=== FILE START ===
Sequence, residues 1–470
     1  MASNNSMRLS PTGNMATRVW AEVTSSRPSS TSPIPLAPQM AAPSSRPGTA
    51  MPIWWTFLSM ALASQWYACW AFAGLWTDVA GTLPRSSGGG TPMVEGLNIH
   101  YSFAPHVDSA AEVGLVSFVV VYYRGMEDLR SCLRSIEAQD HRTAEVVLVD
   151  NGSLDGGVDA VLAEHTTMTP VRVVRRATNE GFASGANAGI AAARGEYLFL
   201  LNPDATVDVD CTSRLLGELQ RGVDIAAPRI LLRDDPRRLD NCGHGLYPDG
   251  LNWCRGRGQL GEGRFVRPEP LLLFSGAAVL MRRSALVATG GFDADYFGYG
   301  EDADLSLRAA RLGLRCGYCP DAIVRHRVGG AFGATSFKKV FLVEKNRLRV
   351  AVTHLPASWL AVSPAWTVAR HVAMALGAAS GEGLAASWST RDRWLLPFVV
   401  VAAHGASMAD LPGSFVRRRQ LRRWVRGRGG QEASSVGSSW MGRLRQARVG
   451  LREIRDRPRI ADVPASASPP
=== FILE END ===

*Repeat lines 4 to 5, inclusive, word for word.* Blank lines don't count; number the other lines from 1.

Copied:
   101  YSFAPHVDSA AEVGLVSFVV VYYRGMEDLR SCLRSIEAQD HRTAEVVLVD
   151  NGSLDGGVDA VLAEHTTMTP VRVVRRATNE GFASGANAGI AAARGEYLFL